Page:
But that doesn’t tell the whole story.  It was actually really good for a while.  An RBI single in the first was the only hit he allowed through four.  He was cruising and looking sharp.  Then the fifth inning hit and it went downhill from there.  Dice-K allowed six of his seven runs in that inning alone.  At one point, he was one strike away from ending the inning but couldn’t close the deal.  Despite our three-run lead through four, I might add.  He also made a throwing error, just to make sure we got the point.

Wake came on in relief and was just as bad.  Five runs (four of them in the sixth) on five hits in two and a third innings.  No walks, one strikeout, and three dingers.  Three! Two to right field, one to left.  He threw thirty-three pitches, all but two of which were knuckleballs (the other two were curveballs).  See, I would’ve thought that his status as a knuckleballer would put him a cut above the rest in the bullpen.  He doesn’t have the versatility that normally characterizes a starting pitcher, but any opposing batter who goes from a regular starter to a knuckleball reliever is going to have a tough time.  Not so last night.  No efficiency, no command, and obviously no mix of pitches, which is in some degree necessary for a relief outing.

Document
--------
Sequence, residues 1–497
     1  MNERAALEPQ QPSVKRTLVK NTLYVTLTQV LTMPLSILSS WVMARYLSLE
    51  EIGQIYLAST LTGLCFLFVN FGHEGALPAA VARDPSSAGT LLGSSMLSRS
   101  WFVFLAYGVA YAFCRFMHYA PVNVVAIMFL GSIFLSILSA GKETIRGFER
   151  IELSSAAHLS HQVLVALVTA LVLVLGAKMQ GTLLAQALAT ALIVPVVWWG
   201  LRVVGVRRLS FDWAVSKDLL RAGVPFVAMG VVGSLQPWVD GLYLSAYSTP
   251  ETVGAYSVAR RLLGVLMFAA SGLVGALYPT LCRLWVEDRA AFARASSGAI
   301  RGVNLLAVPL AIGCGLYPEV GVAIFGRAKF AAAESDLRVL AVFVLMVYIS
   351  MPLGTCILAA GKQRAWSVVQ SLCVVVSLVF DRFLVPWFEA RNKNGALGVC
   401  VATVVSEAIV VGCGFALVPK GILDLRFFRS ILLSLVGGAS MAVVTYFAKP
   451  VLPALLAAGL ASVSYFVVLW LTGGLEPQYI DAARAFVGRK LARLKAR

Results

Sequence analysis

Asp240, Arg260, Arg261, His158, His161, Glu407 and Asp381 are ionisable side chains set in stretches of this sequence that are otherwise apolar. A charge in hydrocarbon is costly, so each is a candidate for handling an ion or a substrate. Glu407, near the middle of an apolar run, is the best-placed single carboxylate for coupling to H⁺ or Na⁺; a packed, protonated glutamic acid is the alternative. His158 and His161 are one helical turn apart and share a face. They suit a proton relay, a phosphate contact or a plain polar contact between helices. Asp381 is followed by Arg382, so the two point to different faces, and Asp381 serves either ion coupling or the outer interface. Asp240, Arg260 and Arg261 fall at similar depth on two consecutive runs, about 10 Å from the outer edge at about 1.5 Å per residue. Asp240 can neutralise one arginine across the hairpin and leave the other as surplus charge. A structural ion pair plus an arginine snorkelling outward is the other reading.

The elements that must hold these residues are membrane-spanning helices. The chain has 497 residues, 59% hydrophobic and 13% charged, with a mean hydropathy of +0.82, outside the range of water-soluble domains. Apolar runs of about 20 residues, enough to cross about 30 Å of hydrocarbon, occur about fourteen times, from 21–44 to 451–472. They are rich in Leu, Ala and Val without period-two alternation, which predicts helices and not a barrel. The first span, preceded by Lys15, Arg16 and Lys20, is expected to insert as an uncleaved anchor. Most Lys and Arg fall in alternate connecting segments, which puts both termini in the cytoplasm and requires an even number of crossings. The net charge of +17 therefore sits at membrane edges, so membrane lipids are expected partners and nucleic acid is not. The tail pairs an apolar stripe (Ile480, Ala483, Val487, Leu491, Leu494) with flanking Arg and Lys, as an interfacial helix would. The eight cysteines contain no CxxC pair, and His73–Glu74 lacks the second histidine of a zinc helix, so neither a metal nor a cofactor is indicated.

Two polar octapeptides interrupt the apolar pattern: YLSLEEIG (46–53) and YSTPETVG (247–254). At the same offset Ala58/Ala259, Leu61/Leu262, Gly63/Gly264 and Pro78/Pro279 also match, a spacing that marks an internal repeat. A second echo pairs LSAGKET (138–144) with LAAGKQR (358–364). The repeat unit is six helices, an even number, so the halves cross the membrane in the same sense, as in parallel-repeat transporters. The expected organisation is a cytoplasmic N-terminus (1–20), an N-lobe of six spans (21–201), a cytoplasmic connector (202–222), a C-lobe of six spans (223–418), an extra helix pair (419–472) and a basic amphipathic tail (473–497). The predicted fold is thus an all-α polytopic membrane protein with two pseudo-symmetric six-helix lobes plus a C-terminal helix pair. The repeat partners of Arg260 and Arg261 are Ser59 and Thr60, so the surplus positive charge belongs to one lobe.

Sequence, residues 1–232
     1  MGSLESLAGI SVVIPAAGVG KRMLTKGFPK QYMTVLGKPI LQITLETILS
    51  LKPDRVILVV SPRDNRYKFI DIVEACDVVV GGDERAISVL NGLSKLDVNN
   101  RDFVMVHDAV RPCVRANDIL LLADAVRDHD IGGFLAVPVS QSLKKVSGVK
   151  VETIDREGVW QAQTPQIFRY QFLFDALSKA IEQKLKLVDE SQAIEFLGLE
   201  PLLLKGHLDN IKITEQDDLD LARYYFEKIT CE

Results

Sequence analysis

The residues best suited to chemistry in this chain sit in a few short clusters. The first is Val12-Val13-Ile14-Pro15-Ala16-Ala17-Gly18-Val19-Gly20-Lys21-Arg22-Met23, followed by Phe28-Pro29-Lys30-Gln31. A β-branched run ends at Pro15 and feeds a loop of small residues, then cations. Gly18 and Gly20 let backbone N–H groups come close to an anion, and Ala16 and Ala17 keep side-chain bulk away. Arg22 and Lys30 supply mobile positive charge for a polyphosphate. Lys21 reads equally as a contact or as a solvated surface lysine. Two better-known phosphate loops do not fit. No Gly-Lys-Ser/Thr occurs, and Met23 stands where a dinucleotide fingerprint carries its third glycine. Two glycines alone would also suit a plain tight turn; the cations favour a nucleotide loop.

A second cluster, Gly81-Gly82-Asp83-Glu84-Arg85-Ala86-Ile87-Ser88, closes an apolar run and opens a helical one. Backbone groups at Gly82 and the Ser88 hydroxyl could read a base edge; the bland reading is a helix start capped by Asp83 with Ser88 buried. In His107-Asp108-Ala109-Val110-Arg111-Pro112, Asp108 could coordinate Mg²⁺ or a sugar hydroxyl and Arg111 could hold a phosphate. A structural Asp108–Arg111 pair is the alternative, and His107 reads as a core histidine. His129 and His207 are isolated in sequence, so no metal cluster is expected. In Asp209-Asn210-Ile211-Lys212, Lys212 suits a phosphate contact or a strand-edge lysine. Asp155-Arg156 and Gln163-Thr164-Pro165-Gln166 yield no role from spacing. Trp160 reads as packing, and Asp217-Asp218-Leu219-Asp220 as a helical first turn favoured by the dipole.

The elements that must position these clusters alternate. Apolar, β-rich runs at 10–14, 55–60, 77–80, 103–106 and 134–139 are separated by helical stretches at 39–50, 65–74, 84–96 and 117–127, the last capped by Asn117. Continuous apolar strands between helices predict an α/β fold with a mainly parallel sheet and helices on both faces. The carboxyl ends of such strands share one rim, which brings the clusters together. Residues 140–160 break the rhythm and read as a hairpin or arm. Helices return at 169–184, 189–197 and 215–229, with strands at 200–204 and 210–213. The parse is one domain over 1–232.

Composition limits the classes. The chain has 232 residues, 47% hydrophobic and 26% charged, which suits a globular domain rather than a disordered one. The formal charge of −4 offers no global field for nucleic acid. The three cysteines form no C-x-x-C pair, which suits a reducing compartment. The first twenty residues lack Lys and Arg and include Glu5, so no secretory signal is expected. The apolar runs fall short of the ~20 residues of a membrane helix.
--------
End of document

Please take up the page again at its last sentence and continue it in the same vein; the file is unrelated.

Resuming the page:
Both of their outings were made bad by a homer by Wigginton.

Delcarmen fired a perfect inning.  He’s done well so far this season.